As brands in every industry tackle new platforms and social media trends, bridging the gap between social media marketing and education is more important than ever. Karen Freberg is a Professor of Strategic Communications at the University of Louisville in Louisville, KY., and Director of The Bird's Nest, a student-led marketing agency. She is also a research consultant and has authored several books on public relations and social media education.
Emplifi chatted with Karen about the brands and creators she admires online, and how social media managers can keep up with the ever-changing landscape they face today. Check it out!
At Emplifi, we’re familiar with some of the teaching and consulting you do around social media, but would love to hear more about you. Can you tell me a bit about your background in the industry?
I got started online back in 1995, which my students think is the dark ages. That year, my parents decided to give me and my sister our own domain names on the internet. I was a track and field athlete in high school and college, using my own website and the early stages of a newsletter to tell my story and stand out from other student athletes. I was able to go to the University of Florida to compete, and finished my eligibility in grad school at the University of Southern California. That experience gave me a real-world view of personal branding, media management, and content creation — but I didn't really know that was a potential career at that point.
I then went to the University of Tennessee for my Ph.D., and that's where I kind of explored the research and teaching side of social media. That gave me the time to build up my career as an academic, get some practical experience in the field, and establish my career moving forward into the role I have now at the University of Louisville.
I've been at Louisville for 12 years now, and I love how dynamic social media is. It's always growing. I'm never bored, and I love being able to help students look at the strategic side of using these various platforms and opportunities to get jobs. We've worked with tons of cool brands over the years like Chipotle and Brown-Forman. I've also had students help out with content creation and social media work for the Kentucky Derby. I'm a big believer in real-world experience; I feel that's one way to really learn how to do social media and get that experience to be able to show to future employers and clients.
What are some of your favorite brands on social media across different platforms (like TikTok, Instagram, etc.), and why do you think they’re so successful?
I love bringing the industry into the classroom, because it's so cool to see so many brands experimenting and telling their stories on social media.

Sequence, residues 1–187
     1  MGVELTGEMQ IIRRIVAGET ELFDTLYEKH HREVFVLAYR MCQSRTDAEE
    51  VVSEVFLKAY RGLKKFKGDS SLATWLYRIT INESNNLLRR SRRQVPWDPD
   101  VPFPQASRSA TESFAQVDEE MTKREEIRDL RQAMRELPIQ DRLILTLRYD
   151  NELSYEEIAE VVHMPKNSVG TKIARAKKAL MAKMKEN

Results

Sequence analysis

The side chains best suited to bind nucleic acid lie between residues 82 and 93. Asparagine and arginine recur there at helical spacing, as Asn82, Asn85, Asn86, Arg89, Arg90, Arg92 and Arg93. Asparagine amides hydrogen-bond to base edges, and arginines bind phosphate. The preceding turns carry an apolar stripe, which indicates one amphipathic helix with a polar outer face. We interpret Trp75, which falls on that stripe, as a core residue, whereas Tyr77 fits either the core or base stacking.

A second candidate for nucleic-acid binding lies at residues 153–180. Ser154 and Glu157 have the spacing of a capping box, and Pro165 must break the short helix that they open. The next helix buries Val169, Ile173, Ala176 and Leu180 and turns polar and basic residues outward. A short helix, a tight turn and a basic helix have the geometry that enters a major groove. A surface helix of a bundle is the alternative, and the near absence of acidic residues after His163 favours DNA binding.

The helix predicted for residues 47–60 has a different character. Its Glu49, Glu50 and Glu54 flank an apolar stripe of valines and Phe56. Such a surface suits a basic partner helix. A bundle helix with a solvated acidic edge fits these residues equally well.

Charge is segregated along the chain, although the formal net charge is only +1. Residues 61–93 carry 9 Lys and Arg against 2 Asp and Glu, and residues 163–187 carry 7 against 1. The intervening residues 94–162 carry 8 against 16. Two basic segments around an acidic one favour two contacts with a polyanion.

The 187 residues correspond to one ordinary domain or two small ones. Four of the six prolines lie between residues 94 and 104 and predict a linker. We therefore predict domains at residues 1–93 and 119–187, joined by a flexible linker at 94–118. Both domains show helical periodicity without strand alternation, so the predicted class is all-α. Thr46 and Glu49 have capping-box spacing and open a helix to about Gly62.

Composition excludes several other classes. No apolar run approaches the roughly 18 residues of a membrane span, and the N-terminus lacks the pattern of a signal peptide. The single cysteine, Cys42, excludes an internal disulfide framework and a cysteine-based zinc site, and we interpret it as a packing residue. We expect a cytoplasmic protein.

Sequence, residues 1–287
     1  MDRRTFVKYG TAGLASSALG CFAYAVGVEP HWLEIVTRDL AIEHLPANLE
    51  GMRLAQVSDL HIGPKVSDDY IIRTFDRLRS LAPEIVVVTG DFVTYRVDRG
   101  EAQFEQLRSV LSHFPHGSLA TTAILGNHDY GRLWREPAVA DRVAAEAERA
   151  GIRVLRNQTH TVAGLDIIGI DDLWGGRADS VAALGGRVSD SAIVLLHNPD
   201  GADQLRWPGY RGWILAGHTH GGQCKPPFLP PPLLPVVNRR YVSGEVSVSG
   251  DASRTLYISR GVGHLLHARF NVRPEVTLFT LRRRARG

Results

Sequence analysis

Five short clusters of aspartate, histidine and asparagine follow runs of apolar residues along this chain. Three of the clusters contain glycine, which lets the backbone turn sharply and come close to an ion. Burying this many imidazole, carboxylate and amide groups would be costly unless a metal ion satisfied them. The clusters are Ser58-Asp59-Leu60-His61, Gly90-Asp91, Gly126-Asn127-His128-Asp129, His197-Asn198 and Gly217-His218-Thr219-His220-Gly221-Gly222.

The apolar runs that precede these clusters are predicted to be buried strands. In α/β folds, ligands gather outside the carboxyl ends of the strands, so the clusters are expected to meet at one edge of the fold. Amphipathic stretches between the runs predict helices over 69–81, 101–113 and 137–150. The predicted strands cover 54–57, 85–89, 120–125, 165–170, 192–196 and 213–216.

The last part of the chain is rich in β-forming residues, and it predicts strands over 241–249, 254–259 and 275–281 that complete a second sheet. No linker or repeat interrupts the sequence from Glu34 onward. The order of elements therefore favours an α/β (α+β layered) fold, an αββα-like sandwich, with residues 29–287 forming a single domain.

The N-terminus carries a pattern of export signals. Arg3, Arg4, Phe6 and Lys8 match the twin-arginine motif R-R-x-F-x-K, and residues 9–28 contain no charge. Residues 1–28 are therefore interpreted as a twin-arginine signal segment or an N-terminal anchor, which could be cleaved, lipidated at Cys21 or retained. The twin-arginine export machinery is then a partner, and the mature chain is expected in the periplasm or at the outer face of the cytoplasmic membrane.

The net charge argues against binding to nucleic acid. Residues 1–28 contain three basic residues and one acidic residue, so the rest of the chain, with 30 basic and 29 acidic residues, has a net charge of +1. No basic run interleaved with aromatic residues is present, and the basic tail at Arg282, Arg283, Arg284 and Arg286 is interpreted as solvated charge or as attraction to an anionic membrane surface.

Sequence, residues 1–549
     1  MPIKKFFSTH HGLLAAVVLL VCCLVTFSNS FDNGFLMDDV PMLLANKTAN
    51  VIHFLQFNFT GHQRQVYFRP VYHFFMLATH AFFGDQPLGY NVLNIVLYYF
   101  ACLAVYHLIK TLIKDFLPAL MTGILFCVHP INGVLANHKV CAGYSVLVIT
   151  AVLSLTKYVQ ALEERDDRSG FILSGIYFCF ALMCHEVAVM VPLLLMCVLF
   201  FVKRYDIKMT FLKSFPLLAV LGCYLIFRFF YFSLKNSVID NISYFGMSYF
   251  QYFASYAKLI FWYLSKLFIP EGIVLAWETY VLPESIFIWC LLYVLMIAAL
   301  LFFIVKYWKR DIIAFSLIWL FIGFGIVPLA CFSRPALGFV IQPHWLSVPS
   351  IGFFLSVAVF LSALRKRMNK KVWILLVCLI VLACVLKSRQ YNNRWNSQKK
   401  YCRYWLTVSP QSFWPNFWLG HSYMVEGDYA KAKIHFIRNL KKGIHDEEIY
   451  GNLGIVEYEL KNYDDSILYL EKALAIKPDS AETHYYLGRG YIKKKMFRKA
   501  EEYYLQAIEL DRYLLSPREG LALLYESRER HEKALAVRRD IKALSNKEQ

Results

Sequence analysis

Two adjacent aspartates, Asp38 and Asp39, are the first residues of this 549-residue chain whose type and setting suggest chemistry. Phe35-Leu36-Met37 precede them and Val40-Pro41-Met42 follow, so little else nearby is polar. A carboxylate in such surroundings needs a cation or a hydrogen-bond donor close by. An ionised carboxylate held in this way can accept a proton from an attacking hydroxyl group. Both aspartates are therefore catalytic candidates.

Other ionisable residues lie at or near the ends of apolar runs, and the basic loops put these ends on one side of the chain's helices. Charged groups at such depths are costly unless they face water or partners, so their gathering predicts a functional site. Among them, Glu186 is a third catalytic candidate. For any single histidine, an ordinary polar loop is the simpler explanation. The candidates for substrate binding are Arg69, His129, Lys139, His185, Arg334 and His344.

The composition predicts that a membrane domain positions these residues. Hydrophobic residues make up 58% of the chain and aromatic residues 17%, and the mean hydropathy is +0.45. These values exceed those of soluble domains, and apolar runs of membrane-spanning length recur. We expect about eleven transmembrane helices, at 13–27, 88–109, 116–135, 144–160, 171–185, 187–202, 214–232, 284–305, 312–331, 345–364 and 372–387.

I'm a big fan of what Ryan Reynolds and his teams like Maximum Effort have done across the board. Yeah, he is absolutely killing it. I write about his work all the time in my textbooks, and he actually spoke to my class last spring. I really like what he does in terms of bringing in fresh perspectives and capturing the viral moment. He understands the culture of what social media is, what it isn't, and how to stand out. Props to Blake Lively and her team, as well, for Betty Buzz. They have a nice aesthetic visually, like on Instagram, and a mindful, consistent approach for tapping into their brand voice.
A local account I like — it's actually a creator account — is the McFarlands family on TikTok. They’re a family of content creators that share their dynamics, do various skits together, and overall feel very positive and uplifting. There are certain brands like Wendy’s that you hear about all the time, so I ask my students to see what lesser-known or local companies and individual creators are managing their brands effectively
@the.mcfarlands You asked for it... Here it is 📸 #blindinglightschallenge #blindinglights #happyathome ♬ Blinding Lights - GREG DAHL
I have a good friend — his name is Joey Wagner — who has his own agency, but everyone calls him Mr. Louisville because he does events and activities all over the city. He’s a great example, to show to students regarding how you can be professional on social media, but also make it personal.
Are there any specific tips that less-established brands or newer social media managers can take from these examples?
We talk a lot in the industry about being authentic and true to yourself. A lot of times you’ll see brands or creators try to be “unhinged,” or more snarky, like Wendy’s. That works for Wendy’s, and they’ve decided that’s their strategy, but that may not work for every other brand. I think social media managers need to think about the qualities they want to communicate and showcase on social media that reflect who they are as an organization.